Casino of a Different Kind By Roger Turner
A Feature from the Gabber Newspaper

It dominates the history of Gulfport much the way it dominates our waterfront. Look down Beach Boulevard to the bay, and it’s all you see. Look through the history books on Gulfport, and you’ll get much the same viewpoint. Maybe not first but certainly foremost, there was the Casino.

Our Story of Gulfport calls it the “heart and hub” of Gulfport. The Historic Preservation Committee designated it a “local historical landmark,” the first of only three (the other two are the Gulfport Historical Museum building and The Cedars/Bayview Hotel), with maybe a fourth coming soon (Scout Hall).

Webster defines “casino” as “a public room or building used for social meetings, dancing, gaming.” In the age of Las Vegas and Atlantic City, most newcomers and visitors think of the last word in that definition when they encounter the Gulfport Casino. But the pioneers had the rest of the definition in mind when they named the first Casino nearly 100 years ago.

The First Casino

The steamship burned and sank and the railroad went to far-off St. Petersburg instead. So Disston City remained isolated from the rest of the world and never fulfilled the dreams of its founder.

Veteran City (designed to attract Civil War veterans) was another grand idea that never made it much beyond the dreaming and platting stage. It remained for a trolley line, a dock, and a way station cum dance hall and “spa” to put Gulfport on the map.

The trolley line came from St. Petersburg, built by Frank Davis as an extension of that city’s system. Since the idea was to connect to boats that would carry passengers to the increasingly popular Pass-A-Grille, a 700-foot dock was built out into the bay and electrified and lighted (thus, “the electric dock”). Trolleys rolled down what is now Beach Boulevard and all the way to the end of the dock, where passengers could practically step right onto the boats.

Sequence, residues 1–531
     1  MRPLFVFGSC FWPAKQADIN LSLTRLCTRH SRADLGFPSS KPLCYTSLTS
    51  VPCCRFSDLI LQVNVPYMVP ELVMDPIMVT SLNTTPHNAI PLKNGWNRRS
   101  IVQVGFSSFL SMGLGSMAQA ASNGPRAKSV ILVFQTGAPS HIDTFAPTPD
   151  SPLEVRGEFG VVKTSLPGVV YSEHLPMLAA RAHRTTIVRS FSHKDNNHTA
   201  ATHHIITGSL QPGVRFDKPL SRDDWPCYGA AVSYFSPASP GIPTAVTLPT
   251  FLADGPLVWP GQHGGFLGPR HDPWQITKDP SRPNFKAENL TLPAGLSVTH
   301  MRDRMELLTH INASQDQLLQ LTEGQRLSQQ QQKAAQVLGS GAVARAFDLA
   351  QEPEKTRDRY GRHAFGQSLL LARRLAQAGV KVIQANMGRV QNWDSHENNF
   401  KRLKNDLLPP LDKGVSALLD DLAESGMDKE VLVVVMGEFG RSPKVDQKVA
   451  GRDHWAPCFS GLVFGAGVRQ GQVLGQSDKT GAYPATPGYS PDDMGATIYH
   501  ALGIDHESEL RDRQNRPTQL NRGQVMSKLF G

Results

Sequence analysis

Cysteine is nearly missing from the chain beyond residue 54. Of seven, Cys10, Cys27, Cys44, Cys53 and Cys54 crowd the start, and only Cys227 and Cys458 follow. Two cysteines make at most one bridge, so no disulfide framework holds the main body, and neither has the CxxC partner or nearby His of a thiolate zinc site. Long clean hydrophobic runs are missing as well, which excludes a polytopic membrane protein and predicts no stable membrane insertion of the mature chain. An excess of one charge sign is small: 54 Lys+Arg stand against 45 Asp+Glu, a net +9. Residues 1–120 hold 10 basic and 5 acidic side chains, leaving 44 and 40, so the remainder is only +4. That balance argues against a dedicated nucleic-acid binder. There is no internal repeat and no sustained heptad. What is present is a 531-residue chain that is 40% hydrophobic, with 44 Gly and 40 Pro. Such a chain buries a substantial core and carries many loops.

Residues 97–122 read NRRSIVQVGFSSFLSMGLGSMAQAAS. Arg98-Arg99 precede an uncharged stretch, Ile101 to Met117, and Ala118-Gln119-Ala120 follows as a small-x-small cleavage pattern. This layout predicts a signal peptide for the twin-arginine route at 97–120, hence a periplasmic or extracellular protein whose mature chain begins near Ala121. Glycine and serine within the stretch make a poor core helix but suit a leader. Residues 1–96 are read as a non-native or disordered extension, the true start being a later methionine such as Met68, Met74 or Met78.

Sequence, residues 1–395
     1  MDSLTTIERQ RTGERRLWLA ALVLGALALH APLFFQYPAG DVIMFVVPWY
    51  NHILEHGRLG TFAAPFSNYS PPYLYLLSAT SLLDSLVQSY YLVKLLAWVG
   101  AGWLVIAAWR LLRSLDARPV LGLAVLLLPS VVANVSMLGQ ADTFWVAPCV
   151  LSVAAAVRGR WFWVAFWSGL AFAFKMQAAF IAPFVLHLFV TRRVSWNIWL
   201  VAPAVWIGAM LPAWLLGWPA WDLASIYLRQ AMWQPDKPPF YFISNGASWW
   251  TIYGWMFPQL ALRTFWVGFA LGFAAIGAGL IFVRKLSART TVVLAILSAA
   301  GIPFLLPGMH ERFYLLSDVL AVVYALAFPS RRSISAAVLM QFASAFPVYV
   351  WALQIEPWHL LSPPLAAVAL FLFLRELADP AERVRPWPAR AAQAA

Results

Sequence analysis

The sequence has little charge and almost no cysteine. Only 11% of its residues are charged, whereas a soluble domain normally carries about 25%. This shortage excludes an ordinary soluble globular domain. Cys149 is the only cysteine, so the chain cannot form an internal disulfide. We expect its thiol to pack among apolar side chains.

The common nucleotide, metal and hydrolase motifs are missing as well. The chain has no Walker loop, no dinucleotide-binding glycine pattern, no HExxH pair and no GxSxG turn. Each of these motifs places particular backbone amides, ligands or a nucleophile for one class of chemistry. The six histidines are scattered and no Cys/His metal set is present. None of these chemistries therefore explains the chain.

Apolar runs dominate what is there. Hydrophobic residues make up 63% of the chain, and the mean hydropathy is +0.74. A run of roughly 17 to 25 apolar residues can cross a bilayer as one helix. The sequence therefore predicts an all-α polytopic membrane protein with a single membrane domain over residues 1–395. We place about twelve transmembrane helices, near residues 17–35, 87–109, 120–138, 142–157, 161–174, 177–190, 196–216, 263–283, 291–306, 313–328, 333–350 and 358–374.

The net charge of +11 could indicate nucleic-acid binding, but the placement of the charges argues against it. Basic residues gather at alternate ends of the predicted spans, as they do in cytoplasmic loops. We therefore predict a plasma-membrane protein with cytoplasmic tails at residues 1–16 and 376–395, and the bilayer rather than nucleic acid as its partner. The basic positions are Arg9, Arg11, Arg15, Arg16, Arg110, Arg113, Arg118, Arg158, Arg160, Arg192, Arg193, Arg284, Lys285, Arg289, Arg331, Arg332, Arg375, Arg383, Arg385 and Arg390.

The dock was completed in 1905 and, the following year, a way station and ticket office opened on the east side of the tracks out near the far end. The building contained a Post Office and a refreshment stand and shop that sold postcards, shells and other souvenirs as well as tobacco, candy and soft drinks. There was also an apartment for the couple who ran the place, and an open-air pavilion on the second floor with a dance floor and a stage.

It was known variously as The Casino, the Gulf Casino and, sometimes, as the “Dock and Spa.” That last designation, according to Doris Brown in Our Story, comes from a sign on the trolley identifying its destination. By any name, the place became a popular attraction on its own.

That first Casino was also an important meeting place. The founding fathers gathered there when deciding to incorporate Gulfport in 1910. The First United Methodist Church, now at 28th and 53rd, met there in the beginning. It wasn’t just about dancing.

But for 15 years, the first Casino made Gulfport popular. The trolley made transportation available. Together, they stimulated growth in this once tiny fishing and agricultural village.

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